Wendy Brown


On her book Walled States, Waning Sovereignty

Cover Interview of September 14, 2011

The wide angle

Walled States, Waning Sovereignty emerges from several decades of politically engaged scholarship.

I am a political theorist by vocation, which means that my thinking about the world is refracted through my training in the history of political thought.  And I focus on specific contemporary phenomena—from the involutions of finance capital to the operation of identity-based social movements to the revitalized importance of religion in politics.

So my work always involves thinking through contemporary political problems at a theoretical level, often informed (as this book is) by the some of the most powerful political thought from the past—e.g., Hobbes, Schmitt, Locke, Marx—and also by contemporary political theory.

I came to this particular project through three concerns:

First, I was engaged with the scholarship on the contemporary predicament of nation-states losing their sovereign status, that is, losing the autonomous powers of jurisdiction, order, law and protection associated with the idea of sovereignty.  Many philosophers, geographers, political scientists and legal scholars are working on this problem, and it was something I was trying to think through in my teaching and research.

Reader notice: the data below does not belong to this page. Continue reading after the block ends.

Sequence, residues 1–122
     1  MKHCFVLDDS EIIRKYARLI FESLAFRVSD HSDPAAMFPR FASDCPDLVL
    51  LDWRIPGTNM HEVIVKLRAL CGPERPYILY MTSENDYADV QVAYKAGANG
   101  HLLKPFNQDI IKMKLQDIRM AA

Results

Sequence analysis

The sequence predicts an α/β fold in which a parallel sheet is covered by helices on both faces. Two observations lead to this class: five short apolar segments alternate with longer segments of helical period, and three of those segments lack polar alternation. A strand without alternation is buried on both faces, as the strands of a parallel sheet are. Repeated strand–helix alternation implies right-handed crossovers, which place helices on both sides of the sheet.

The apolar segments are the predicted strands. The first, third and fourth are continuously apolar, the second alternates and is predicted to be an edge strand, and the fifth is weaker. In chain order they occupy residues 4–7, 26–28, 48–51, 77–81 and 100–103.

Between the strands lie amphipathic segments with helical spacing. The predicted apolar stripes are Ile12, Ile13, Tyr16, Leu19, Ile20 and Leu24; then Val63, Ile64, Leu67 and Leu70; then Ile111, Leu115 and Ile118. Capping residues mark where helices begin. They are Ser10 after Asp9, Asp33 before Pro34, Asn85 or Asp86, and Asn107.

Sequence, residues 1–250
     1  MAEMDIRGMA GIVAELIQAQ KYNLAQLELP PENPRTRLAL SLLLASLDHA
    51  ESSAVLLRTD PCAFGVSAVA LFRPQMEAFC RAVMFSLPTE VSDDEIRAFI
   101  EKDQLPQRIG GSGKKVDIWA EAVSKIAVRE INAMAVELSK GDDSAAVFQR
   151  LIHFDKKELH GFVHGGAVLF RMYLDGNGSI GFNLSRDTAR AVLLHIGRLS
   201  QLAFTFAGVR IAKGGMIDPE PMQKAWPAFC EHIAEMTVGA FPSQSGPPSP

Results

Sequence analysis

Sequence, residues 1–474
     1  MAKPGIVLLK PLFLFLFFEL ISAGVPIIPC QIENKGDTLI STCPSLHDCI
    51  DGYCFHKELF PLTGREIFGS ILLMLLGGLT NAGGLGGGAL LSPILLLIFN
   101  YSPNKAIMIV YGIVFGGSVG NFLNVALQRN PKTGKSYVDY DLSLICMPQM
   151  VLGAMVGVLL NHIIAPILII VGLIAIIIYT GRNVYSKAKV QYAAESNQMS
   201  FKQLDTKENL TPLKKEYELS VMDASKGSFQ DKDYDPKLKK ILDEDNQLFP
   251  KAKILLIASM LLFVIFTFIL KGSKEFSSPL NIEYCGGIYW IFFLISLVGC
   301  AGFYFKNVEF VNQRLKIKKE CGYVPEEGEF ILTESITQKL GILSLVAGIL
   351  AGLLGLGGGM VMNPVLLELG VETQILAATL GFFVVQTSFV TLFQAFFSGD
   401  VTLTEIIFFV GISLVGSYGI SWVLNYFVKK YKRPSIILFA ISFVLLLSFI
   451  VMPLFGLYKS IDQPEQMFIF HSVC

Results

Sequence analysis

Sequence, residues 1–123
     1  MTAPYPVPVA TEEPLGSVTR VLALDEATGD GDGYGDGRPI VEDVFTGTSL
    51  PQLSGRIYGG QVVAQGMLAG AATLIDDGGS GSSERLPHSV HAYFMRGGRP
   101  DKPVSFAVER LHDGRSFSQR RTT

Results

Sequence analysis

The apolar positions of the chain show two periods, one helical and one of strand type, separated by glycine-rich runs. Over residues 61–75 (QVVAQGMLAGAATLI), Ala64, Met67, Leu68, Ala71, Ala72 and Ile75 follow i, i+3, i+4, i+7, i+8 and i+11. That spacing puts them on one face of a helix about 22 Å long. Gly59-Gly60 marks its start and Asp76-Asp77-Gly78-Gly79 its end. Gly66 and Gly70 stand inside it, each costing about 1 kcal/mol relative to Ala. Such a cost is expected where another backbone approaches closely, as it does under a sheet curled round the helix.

Second, I was trying to understand why hundreds of millions of dollars were being poured into buttressing and extending the U.S.-Mexico border wall when each new fortification “failed”—produced an intensification in the drug and migrant smuggling industry, generated new border crossing routes through dangerous desert journeys, tunnels under the wall or boats around it, and added more generally to the organized crime and violence at the border.

Third, as I became aware of more and more border walls going up in the 1990s and 2000s, I was struck by the peculiarity of this development.  We live in a time in which the most potent threats and weapons are biochemical and drone warfare, internet and phone hacking, suicide bombing, global climate change, the vicissitudes of finance capital, transnational organized crime.  None of these can be significantly intercepted or deterred by large, long physical land barricades.  So what is the point of these walls?  What are they aimed at or achieving?  Why do so many nations want walls now?

Eventually, these three concerns came together to produce the argument of this book.  I begin thinking about the walls as failed performances of nation-state sovereignty, performances that projected an imago of sovereignty when sovereign power can no longer be realized on the ground.  I developed appreciation of the work of political legitimation and consolation the walls are doing—work that is quite different from actually repelling the immigration, drug and weapon smuggling, or terrorism that incites their building.